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A Study design is a way to set up an epidemiological investigation, as a form of clinical trial.

Types of design[]

Some of the most popular designs are sorted below, with the ones at the top being the most powerful at reducing observer-expectancy effect (but also most expensive, and in some cases introducing ethical concerns) and the ones at the bottom being the most affordable. Frequently the ones at the bottom are used earlier in the research cycle, to develop strong hypotheses worth testing with the more expensive research approaches.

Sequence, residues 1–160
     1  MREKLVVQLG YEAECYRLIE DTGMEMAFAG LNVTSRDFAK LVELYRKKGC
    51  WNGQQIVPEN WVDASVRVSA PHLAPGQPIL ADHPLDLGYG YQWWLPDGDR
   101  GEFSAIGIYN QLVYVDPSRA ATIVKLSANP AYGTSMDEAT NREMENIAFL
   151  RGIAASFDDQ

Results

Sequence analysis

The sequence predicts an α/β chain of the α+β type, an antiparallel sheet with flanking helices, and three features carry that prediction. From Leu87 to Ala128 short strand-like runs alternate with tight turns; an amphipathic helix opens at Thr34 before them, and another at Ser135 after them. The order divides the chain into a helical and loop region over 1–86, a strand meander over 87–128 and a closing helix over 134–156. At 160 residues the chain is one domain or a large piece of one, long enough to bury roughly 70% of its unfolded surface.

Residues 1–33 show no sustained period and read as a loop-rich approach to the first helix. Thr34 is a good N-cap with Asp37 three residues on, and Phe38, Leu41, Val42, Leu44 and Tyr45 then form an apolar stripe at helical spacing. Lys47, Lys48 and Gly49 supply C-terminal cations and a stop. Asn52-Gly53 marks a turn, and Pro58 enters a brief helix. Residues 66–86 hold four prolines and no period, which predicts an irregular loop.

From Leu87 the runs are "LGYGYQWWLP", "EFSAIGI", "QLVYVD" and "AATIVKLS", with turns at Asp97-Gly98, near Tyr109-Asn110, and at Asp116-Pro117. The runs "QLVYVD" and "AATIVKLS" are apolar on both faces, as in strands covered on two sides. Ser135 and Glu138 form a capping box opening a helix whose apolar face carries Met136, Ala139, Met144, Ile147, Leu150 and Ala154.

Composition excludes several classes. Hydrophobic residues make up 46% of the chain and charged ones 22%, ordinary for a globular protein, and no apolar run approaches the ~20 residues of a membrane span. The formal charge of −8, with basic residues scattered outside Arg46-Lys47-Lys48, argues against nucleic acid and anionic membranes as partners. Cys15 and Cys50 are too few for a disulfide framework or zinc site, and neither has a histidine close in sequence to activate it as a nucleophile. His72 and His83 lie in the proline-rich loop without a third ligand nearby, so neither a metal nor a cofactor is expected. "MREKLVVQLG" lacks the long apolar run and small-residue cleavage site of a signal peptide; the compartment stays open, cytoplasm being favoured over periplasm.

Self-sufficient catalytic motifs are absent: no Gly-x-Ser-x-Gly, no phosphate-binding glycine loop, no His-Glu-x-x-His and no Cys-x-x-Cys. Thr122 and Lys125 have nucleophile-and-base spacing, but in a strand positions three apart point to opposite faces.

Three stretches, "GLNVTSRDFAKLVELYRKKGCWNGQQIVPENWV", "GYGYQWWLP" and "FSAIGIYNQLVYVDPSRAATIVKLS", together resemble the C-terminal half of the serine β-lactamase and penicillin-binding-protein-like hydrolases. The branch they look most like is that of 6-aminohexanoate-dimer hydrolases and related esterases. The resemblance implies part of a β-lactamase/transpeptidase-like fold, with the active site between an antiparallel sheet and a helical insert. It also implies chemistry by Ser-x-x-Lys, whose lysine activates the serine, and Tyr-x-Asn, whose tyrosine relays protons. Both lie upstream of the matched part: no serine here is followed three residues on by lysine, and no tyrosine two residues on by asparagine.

Other terms[]

  • A "retrospective study" looks at past behavior, while a "prospective study" looks at future behavior.
  • "Superiority trials" are designed to demonstrate that one treatment is more effective than another.
  • "Non-inferiority trials" are designed to demonstrate that a treatment is at least not appreciably worse than another.
  • "Equivalence trials" are designed to demonstrate that one treatment is as effective as another.
  • When using "parallel groups", each patient receives one treatment; in a "cross-over study", each patient receives several treatment.
  • A longitudinal study studies a few subjects for a long period of time, while a cross-sectional study involves many subjects measured at once.

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